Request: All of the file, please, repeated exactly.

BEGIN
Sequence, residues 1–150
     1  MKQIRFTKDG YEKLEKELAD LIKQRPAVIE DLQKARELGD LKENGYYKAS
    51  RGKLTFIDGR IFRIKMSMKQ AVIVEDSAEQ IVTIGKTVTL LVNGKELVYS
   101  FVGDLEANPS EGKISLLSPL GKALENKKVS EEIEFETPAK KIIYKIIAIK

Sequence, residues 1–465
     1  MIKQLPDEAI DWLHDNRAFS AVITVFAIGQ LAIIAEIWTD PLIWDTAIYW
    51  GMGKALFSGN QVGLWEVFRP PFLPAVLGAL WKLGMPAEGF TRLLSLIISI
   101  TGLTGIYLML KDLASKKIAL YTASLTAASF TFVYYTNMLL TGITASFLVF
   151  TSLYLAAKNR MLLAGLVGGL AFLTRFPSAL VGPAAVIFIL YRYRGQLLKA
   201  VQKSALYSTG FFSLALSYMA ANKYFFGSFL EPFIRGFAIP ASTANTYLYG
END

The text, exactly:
Sequence, residues 1–150
     1  MKQIRFTKDG YEKLEKELAD LIKQRPAVIE DLQKARELGD LKENGYYKAS
    51  RGKLTFIDGR IFRIKMSMKQ AVIVEDSAEQ IVTIGKTVTL LVNGKELVYS
   101  FVGDLEANPS EGKISLLSPL GKALENKKVS EEIEFETPAK KIIYKIIAIK

Sequence, residues 1–465
     1  MIKQLPDEAI DWLHDNRAFS AVITVFAIGQ LAIIAEIWTD PLIWDTAIYW
    51  GMGKALFSGN QVGLWEVFRP PFLPAVLGAL WKLGMPAEGF TRLLSLIISI
   101  TGLTGIYLML KDLASKKIAL YTASLTAASF TFVYYTNMLL TGITASFLVF
   151  TSLYLAAKNR MLLAGLVGGL AFLTRFPSAL VGPAAVIFIL YRYRGQLLKA
   201  VQKSALYSTG FFSLALSYMA ANKYFFGSFL EPFIRGFAIP ASTANTYLYG